Signs of the Times: Livestock Signs Recall Different Era

Vintage livestock signs have become big business – and collector Jeb Fuller has the inside scoop


| February 2010



Livestock signs that include people and farmsteads are especially prized by collectors.

Livestock signs that include people and farmsteads are especially prized by collectors.

In your mind’s eye, picture the upstate New York farm boy in the late 1960s.

Viewing the world from the window of his granddad’s pickup, he puts newly learned reading skills to work on pure-breed livestock signs posted at neighboring farms. Decades later, signs like those are at the heart of a collection that recalls a way of life now largely gone.

“I grew up on a farm in upstate New York,” explains Jeb Fuller (who now lives in Cartersville, Ga.), “and there were a lot of dairy and beef cattle in that area then: Guernsey, Ayrshire, Angus, Hereford … But that mixture of breeds is gone now. Where there used to be a lot of Hereford and Milking Shorthorn cattle, there aren’t as many anymore. Actually, Milking Shorthorn as a breed is almost nonexistent now.”

Tin and porcelain signs, though, endure. Not in big numbers, to be sure, and only occasionally in pristine condition, but some signs have survived, and they recall a unique period in American agriculture.

“These signs capture the American ag lifestyle of that era,” Jeb says. “There was a real sense of optimism, and there was particular pride in pedigreed livestock, from poultry to cattle. Those were the last days of the true family farm, before the arrival of industrial agriculture.”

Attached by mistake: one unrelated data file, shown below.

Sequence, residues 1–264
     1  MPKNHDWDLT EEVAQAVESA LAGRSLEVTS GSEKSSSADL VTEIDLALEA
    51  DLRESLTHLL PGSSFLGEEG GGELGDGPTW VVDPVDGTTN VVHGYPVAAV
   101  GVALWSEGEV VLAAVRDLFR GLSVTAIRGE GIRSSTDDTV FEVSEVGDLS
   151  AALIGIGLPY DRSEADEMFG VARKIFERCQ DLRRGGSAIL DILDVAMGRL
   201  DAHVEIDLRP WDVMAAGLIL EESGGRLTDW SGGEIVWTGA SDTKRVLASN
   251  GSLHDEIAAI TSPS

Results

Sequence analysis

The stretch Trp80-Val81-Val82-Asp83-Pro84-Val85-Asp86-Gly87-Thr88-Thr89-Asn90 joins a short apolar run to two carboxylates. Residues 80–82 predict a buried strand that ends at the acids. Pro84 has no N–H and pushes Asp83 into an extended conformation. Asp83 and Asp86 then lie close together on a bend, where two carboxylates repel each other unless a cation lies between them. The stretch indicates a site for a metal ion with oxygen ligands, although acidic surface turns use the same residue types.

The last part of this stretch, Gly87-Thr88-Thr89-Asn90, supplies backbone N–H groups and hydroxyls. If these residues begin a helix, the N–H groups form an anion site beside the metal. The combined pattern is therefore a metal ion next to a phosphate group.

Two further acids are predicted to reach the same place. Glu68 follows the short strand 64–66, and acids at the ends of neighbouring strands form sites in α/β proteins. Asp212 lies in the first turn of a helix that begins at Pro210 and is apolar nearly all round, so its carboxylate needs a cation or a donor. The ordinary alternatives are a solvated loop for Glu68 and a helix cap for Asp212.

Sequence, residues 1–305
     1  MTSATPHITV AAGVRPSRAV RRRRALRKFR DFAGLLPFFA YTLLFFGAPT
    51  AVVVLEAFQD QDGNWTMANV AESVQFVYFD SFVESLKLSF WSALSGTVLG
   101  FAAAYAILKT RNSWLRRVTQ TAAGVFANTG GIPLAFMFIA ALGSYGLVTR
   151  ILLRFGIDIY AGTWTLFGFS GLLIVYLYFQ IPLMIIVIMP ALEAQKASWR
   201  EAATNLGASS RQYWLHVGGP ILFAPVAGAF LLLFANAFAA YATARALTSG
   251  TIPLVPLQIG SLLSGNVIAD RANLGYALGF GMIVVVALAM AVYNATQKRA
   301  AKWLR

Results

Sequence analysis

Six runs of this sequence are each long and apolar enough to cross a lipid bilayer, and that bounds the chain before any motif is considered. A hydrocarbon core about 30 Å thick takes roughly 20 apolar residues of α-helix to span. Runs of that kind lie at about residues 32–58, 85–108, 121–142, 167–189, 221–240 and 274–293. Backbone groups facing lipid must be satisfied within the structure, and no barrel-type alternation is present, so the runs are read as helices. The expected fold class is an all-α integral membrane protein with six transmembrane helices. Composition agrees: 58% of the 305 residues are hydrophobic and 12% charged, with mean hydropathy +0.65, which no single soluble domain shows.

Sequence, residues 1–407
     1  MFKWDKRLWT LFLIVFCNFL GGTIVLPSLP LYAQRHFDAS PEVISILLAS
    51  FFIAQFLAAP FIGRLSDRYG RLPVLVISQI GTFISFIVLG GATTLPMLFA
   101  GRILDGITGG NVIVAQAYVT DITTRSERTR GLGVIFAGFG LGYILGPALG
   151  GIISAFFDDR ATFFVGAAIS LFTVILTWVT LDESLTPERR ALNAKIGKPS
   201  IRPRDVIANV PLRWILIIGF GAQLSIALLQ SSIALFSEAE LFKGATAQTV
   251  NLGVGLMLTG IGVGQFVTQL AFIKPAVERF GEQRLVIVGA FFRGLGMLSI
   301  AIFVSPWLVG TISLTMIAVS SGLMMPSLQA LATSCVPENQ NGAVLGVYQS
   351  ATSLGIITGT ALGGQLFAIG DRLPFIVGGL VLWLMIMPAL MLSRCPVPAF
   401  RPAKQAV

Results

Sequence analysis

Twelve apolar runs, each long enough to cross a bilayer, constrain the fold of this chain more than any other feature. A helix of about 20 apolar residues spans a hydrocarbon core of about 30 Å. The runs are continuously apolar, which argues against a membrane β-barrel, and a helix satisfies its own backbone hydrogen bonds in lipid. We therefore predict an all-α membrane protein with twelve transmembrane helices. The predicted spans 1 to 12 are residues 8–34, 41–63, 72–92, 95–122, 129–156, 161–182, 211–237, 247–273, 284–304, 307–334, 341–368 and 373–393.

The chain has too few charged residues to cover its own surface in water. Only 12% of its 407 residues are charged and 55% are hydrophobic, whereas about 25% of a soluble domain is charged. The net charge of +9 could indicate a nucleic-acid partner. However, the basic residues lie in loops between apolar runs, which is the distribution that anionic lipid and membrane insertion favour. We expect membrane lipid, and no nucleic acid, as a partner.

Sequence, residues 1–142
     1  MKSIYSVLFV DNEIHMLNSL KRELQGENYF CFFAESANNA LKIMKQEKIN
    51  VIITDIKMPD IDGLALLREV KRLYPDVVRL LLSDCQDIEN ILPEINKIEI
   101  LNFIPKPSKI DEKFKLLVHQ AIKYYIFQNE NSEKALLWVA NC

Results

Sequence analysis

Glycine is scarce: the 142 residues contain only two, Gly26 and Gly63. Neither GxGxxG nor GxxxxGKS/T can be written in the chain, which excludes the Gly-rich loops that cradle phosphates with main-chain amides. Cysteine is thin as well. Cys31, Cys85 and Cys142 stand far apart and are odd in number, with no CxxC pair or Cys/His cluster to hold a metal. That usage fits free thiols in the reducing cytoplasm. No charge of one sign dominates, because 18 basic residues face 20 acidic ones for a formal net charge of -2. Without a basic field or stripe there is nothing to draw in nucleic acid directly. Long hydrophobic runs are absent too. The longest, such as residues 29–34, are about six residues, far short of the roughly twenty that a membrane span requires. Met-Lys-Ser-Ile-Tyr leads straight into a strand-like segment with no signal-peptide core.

Big demand, small supply

Fast-forward to the turn of a new century. About 10 years ago, Jeb began looking for the signs as collectibles. It didn’t take long to figure out that they were in huge demand and very limited supply.

“There are a lot of people looking for these,” he says. “But it’s like looking for a needle in a haystack. Finding a good one is a real challenge: Normally they’ve been left out in the elements or used for target practice.” The occasional gem shines through.

“You’d be surprised how many farmers bought extra signs,” Jeb notes. “They’d keep one wrapped up in the barn. Those do show up every now and then, and those are the ones you want.”

Signs for rare breeds are the most valuable. Holstein signs from the 1950s are the most common, followed by Guernsey and Brown Swiss (bringing $400-1,200 each). “Signs for pigs seem to take a lot of abuse, for some reason,” he says. “I’ve never seen a goat sign. I’ve seen some for sheep, Hampshires and Suffolks, but they’re very rare. And I don’t think sheep breeders bought duplicate signs.”